What’s the deal with this place?
You’ve seen the memes on Facebook (no, we’re not talking about the wedding photos), and maybe you’ve been there. But for those of you who have not, we revisit this quaint little park.
So the story goes, Haw Par Villa (also known as Tiger Balm Gardens) was created by Aw Boon Haw in 1937 as gift to his brother, Aw Boon Par (hence the name). The brothers were the people behind the popular medicated ointment, Tiger Balm. The park was wildly popular its in early years and after subsequent facelifts before it dwindled to the state that it’s in today.
Haw Par Villa is slated for another makeover soon so I thought it’d be good to see what’s like right now. The last time I visited Haw Par Villa was probably more than 20 years ago and it’s kind of hard to imagine it without the iconic huge green dragon now. This was definitely not the same tourist attraction I visited as a child with its theme park rides and shows.
But the place still holds its own appeal today and although some international visitors don’t really get what it’s all about, here are some things you need to know about Haw Par Villa to make your visit a little less confusing.
It was built as a venue to uphold Chinese values and mythology
If the Eight Immortals, Lady White Snake and Journey To The West do not ring a bell for you, this is the place for you to learn about them and their significance to Chinese culture.
Information boards are available to retell the stories and legends behind the statues and dioramas.
The Ten Courts of Hell WILL give you the creeps
Ever wondered what hell looks like? Find out right here. This attraction features vivid portrayals of hell in Chinese beliefs. We’re talking about people burning in fires, body parts being mutilated and other forms of torture. Yikes. And it clearly tells you the crimes that were committed to warrant such gruesome punishments.
See, when I visited as a child, this segment of the park was housed inside the 65-metre long green dragon and we had to take a boat ride through the whole thing. Sure, it was creepy then, but at least we were seeing dioramas from afar sitting in the boat.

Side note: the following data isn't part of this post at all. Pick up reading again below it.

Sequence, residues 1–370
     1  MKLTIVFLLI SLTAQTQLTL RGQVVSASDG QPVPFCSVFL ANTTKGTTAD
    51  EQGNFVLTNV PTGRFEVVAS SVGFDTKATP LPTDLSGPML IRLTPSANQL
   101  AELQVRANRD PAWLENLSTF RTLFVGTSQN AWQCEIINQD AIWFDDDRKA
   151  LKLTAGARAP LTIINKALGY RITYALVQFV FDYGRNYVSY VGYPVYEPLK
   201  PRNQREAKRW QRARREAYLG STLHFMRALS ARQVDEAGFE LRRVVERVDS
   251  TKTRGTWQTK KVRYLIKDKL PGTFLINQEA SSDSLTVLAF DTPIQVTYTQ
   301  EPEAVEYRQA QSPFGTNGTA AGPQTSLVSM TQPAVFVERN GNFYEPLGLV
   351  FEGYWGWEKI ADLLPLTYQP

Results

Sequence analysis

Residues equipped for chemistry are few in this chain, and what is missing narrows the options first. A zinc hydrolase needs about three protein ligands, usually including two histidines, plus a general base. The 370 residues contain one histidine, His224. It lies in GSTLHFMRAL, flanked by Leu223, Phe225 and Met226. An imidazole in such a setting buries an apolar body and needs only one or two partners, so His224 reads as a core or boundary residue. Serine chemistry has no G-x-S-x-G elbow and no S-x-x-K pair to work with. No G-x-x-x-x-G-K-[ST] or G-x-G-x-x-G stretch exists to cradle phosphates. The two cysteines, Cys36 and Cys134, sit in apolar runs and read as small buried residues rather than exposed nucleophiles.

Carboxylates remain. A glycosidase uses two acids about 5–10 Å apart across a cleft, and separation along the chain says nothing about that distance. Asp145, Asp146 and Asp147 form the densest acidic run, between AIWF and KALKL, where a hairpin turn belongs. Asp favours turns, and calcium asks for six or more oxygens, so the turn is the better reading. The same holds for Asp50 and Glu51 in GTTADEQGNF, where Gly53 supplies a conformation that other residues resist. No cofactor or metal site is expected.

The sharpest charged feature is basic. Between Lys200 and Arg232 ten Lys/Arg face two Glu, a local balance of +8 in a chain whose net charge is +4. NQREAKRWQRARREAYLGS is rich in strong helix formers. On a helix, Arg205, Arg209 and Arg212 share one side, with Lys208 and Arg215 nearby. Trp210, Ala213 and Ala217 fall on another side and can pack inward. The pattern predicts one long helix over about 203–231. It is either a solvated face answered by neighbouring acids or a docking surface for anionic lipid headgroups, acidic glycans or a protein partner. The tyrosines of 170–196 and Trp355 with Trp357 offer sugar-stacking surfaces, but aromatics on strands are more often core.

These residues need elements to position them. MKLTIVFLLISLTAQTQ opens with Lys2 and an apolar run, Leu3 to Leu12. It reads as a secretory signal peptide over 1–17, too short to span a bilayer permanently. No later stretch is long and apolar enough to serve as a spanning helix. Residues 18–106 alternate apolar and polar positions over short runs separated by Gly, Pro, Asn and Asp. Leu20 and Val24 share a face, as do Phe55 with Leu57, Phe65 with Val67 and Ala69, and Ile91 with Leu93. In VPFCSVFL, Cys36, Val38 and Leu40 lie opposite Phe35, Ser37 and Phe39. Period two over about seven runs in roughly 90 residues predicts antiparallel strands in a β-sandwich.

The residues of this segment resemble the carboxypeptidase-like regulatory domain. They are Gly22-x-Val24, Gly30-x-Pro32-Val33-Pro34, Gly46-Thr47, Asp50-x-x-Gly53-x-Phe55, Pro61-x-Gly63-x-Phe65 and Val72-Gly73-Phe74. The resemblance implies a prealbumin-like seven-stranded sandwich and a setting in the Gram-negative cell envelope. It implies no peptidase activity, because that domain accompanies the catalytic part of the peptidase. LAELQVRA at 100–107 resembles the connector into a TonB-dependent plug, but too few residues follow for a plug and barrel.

Now the flume has been cemented over and visitors can walk through the whole area and get as close as you want to these hellish depictions (#ThanksButNoThanks). Viewer discretion and parental guidance are advised for this exhibit.
Don’t be surprised to see worshippers
As the park features some religious elements, believers often offer prayers along with incense and joss sticks at selected statues.
My favourite is this huge pagoda with Buddha atop.
The park also has memorials to the Aw family
They are pretty hard to miss.
Spot the Statue of Liberty
Wait, what? International elements were added to the park in the 1950s to give visitors back then a peek into the world beyond Singapore. Try to find the Sumo wrestlers, Thai dancers, kangaroos and koalas, and even the Statue of Liberty.
Look out for subtle product placements
In case you forget the brand that made this park possible.
Learn the complete history
Drop by the little exhibition hall for a comprehensive history of the Aw family and little known facts about Haw Par Villa.
There are some things that will still leave you puzzled
“What the *bleep* is going on here?” was a recurring thought in my head as I viewed some of the statues and exhibits, because background information are not provided and Chinese mythology are not exactly my forte.
We hope the revamped Haw Par Villa will be able to tell us more about these puzzling pieces.
Haw Par Villa is located at 262 Pasir Panjang Road.
By Muneerah Bee, April 2016
Photos by Muneerah Bee